What is the purpose of anamorphic 1.66:1?

Discussion in 'DVD' started by Bart, Nov 15, 2003.

  1. Bart

    Bart Stunt Coordinator

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    I understand why widescreen movies are anamorphically enhanced on DVD, but is there any advantage to an anamorphic transfer for a 1.66:1 transfer? A movie with this aspect ratio will actually have black bars on the sides of the image on the DVD because it is not as wide as a 16:9 (1.78) image (you don't see the black bars on a 4:3 TV due to overscan, but on a PC or widescreen TV they should be visible). I guess my question is, is there any significant gain in picture resolution by the anamorphic transfer is this case (with small bars on the sides) verses a letterbox one (with small bars on the top and bottom)?

    I'm guessing a 1.66:1 aspect ratio letterboxed would wreck havoc on a 16:9 display since if you watched it in letterbox mode it would be windowboxed and if you watched it in zoom mode, the TV would chop off some of the top and bottom (unless widescreen TVs have a 1.66:1 zoom mode I don't know about). I think maybe there are a few questions buried in this post. [​IMG] Basically I'm just looking for clarification on this issue. Any help you guys could provide would be appreciated. Thanks.

    Bart
     
  2. LukeB

    LukeB Cinematographer

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    Yes, you do have higher resolution with a 1.66:1 anamorphic widescreen than a 1.66:1 letterboxed, and it will look better on a 16x9 display encoded that way than as letterboxed. It's not a great difference in resolution, but it still makes sense.
     
  3. Robert Dunnill

    Robert Dunnill Second Unit

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    There is still a substantial resolution gain to be had with enhancement of 1.66:1 transfers, but it is only about half of that gained with ARs of 1.78:1 or greater.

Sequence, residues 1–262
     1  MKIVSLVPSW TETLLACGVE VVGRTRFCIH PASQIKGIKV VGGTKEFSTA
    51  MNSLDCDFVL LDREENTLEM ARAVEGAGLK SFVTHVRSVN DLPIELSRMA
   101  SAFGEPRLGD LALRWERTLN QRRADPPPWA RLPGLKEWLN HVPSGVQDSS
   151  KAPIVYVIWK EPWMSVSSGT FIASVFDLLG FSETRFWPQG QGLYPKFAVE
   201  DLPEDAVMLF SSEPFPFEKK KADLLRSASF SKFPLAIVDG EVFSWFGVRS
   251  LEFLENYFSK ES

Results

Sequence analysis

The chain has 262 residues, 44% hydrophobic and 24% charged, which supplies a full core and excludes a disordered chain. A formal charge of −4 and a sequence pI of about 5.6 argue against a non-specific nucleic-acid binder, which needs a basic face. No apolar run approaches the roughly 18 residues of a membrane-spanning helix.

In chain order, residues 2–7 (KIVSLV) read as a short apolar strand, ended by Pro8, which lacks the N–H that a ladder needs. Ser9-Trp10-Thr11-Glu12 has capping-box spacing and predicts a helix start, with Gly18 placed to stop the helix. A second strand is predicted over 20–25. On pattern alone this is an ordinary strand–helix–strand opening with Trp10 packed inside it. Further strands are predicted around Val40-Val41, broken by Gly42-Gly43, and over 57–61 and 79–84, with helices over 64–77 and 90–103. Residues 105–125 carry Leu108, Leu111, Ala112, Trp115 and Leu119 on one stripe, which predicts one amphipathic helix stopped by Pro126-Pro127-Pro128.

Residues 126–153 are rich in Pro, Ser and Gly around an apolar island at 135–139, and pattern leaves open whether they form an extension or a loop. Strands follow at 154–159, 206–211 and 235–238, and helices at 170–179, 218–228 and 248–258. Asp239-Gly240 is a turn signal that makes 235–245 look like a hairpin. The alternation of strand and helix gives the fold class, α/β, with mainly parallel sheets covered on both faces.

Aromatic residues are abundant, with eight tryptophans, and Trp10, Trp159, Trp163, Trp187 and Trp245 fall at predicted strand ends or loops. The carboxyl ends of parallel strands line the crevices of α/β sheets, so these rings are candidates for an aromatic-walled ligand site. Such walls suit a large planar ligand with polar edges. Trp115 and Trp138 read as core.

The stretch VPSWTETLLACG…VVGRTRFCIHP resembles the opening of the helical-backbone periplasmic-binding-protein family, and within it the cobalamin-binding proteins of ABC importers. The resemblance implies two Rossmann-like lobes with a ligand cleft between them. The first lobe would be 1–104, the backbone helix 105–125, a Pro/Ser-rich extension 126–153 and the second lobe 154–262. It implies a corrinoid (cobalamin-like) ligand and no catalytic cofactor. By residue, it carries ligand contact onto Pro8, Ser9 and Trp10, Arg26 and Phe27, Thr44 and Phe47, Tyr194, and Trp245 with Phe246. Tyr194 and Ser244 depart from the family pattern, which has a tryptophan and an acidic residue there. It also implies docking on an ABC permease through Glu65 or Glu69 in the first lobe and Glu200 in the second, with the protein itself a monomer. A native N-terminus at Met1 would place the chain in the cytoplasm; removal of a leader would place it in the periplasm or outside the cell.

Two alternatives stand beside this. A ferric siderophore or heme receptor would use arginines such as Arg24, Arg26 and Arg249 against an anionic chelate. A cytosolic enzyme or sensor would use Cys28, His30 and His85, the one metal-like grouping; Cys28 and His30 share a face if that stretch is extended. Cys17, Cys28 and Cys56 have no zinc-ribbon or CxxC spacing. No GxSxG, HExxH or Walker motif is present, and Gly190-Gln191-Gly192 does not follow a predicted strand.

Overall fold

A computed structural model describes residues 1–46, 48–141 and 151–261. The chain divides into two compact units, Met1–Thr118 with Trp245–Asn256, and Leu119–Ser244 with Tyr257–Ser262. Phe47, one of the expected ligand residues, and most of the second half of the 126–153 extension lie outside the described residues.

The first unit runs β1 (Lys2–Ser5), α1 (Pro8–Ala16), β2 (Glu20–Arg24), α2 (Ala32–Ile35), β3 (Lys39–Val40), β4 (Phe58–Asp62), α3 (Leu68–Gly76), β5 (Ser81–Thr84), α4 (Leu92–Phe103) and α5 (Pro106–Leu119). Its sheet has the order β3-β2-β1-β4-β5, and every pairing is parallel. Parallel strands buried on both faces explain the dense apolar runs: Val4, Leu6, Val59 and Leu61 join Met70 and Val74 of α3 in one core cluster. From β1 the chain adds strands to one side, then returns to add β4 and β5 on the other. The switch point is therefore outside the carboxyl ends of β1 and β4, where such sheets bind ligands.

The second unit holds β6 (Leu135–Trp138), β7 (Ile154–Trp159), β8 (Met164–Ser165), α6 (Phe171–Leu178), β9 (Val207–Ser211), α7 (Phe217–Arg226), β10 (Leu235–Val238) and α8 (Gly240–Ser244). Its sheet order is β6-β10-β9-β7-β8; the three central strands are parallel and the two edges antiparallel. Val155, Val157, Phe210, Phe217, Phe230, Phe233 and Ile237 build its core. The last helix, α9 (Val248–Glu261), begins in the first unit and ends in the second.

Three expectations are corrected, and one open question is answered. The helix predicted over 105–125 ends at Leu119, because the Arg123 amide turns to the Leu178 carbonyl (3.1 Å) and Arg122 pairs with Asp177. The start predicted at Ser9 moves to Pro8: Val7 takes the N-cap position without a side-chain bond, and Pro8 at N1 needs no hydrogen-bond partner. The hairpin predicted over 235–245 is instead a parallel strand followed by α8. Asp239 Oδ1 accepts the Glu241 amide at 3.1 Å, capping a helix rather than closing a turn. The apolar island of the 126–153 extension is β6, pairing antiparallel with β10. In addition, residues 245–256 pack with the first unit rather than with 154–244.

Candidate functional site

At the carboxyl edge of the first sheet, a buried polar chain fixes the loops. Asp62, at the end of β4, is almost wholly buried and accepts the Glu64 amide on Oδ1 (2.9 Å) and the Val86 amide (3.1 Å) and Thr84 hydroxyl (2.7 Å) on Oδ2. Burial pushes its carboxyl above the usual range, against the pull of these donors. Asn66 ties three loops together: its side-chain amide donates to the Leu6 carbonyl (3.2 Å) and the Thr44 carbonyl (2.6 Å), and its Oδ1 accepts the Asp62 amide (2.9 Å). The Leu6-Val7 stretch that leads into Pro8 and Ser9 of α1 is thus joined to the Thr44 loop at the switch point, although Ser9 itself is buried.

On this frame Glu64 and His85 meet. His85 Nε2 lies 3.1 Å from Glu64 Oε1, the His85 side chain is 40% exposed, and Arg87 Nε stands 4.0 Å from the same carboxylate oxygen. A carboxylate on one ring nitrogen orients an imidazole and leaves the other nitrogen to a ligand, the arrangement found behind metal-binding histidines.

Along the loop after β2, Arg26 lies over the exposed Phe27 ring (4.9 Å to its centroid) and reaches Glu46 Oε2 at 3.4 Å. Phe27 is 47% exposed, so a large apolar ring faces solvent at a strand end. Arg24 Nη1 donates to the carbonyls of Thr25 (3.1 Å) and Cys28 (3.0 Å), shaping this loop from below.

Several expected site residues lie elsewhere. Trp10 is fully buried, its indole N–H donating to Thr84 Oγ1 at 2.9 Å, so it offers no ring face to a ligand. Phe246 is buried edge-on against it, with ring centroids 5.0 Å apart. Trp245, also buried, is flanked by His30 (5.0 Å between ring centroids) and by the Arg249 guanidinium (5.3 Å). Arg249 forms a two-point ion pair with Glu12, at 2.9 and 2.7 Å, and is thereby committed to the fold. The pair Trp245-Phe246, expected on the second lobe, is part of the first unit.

The scaling issue is usually addressed on newer TVs, but it was a real problem on older sets like mine (and stayed that way until I put together a home theater PC).
     
  4. Deane Johnson

    Deane Johnson Supporting Actor

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    There's one advantage. They get one additional sale. Me.
     
  5. Bart

    Bart Stunt Coordinator

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    Robert, what scaling issues were you talking about? Do you mean you had problems with letterboxed 1.66:1 DVDs? Also, can you see the black bars on the sides when you watch an anamorphic 1.66:1 DVD on a widescreen display? Thanks.
     
  6. Adam Lenhardt

    Adam Lenhardt Executive Producer

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    Bart: yes, you see the side bars on a properly calibrated 16x9 set. It's mainly a convience issue for 16x9 TV owners. I personally prefer the non-anamorphic transfers but it's not really a huge issue unless you're one of the ones inconvienced.
     
  7. PhilipG

    PhilipG Cinematographer

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    If your w/s set doesn't have a 14:9 zoom mode, then to avoid cropping the picture your display will look like the "non-anamorphic" part of my sig.
     
  8. Robert Dunnill

    Robert Dunnill Second Unit

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  9. Robert Dunnill

    Robert Dunnill Second Unit

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    FYI if a home theater PC is used, non-enhanced 1.66:1 will look the same as enhanced will, apart from any deterioration due to the drop in effective resolution.

    Gotta love that TheaterTek! [​IMG]
     
  10. Wyatt_Y

    Wyatt_Y Stunt Coordinator

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    Grrrrr...... non-anamorphic 1.66:1 is a major PITA!!!!